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Evaluation of pulmonary function and exercise performance by cardiopulmonary exercise testing before and after lung transplantation.

Authors
  • Bartels, Matthew N1
  • Armstrong, Hilary F2
  • Gerardo, Renee E2
  • Layton, Aimee M3
  • Emmert-Aronson, Benjamin O4
  • Sonett, Joshua R3
  • Arcasoy, Selim M5
  • 1 Department of Rehabilitation and Regenerative Medicine, College of Physicians and Surgeons, Columbia University New York, NY. Electronic address: [email protected]
  • 2 Department of Rehabilitation and Regenerative Medicine, College of Physicians and Surgeons, Columbia University New York, NY.
  • 3 Department of Surgery, Columbia University New York, NY.
  • 4 Department of Psychology, Boston University, Boston, MA.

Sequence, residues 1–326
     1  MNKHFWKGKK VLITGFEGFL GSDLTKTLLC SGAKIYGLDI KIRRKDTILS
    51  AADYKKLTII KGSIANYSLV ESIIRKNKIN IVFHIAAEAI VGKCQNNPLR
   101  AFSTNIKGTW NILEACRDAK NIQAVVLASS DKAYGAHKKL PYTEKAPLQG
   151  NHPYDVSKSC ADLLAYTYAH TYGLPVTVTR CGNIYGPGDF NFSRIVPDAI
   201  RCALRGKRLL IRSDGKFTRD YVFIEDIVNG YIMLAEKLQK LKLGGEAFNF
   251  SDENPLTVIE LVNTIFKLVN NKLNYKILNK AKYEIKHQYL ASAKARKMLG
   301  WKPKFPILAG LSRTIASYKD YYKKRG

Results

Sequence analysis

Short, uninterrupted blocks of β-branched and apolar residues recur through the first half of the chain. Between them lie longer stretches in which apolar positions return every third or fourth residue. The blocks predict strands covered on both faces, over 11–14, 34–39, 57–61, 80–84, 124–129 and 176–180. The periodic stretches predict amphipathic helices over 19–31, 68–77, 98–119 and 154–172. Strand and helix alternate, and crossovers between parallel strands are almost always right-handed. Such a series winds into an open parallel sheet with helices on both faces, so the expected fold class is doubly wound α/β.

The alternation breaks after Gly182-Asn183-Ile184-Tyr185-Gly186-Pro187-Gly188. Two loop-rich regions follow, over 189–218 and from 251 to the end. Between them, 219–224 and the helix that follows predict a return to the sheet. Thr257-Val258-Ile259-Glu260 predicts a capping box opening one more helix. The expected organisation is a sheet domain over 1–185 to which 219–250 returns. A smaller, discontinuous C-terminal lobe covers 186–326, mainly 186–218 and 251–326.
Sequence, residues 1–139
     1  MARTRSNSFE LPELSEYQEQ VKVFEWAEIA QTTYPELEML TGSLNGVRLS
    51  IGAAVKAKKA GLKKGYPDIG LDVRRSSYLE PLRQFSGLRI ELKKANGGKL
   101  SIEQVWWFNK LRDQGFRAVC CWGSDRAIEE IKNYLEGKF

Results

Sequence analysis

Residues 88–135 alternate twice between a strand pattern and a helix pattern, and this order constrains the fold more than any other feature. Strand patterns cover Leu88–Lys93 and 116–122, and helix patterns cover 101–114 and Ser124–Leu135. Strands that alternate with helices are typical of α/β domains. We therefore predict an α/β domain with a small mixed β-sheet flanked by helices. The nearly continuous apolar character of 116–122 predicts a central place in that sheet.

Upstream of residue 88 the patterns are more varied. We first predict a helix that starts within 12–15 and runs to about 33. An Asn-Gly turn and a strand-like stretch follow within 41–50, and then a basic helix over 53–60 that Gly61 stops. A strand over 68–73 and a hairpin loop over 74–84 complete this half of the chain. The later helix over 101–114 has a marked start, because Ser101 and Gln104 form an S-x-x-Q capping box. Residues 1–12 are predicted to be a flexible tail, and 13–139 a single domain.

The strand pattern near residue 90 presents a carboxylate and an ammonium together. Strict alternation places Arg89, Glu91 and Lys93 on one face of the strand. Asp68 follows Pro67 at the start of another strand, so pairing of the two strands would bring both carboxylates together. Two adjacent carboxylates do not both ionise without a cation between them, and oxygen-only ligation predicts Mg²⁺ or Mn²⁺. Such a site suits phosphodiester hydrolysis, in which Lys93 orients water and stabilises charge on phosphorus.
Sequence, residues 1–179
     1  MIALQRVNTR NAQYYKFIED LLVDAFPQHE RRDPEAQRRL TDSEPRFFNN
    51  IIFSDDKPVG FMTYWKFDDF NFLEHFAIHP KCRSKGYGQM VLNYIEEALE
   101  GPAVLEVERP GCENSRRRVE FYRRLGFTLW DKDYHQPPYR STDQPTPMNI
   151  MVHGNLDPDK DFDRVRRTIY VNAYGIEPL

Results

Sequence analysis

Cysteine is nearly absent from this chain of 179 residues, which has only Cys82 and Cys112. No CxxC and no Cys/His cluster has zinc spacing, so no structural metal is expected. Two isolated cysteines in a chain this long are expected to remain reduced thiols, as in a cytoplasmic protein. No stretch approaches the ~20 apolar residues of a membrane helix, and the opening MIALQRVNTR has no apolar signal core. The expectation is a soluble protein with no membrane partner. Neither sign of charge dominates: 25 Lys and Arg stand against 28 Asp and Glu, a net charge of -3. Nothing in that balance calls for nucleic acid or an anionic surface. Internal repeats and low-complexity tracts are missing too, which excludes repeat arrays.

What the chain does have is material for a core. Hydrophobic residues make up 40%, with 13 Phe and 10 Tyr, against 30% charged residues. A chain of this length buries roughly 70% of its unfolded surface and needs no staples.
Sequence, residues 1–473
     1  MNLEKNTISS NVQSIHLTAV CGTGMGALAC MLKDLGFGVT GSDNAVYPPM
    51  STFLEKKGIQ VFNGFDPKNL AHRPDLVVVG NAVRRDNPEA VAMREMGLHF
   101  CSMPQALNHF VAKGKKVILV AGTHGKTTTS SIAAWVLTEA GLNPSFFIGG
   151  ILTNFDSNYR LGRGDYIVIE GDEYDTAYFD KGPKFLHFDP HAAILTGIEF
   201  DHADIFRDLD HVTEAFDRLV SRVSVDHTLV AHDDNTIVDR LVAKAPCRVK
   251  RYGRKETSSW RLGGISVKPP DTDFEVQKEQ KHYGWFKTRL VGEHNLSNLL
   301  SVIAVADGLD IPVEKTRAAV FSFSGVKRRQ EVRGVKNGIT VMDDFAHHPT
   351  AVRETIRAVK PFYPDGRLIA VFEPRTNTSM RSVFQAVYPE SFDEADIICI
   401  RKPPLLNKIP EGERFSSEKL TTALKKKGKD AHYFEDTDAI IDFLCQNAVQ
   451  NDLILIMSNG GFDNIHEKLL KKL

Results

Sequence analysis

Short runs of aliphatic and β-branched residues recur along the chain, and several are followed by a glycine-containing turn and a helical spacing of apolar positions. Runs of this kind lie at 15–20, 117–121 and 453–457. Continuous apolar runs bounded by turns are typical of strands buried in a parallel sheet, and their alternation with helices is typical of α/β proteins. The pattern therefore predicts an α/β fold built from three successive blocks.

• 5 Department of Medicine, Columbia University New York, NY.
Type
Published Article
Journal
CHEST Journal
Publisher
Elsevier
Publication Date
December 2011
Volume
140
Issue
6
Pages
1604–1611
Identifiers
DOI: 10.1378/chest.10-2721
PMID: 21680643
Source
Medline
License
Unknown

Abstract

Lung transplant recipients have an increase in exercise capacity that does not match the improvement in lung function, indicating that poor strength, deconditioning, or other peripheral factors play a significant role in the limitation of exercise benefit posttransplantation. Further elucidation of the mechanisms of exercise limitation may allow for improved exercise outcomes posttransplant.

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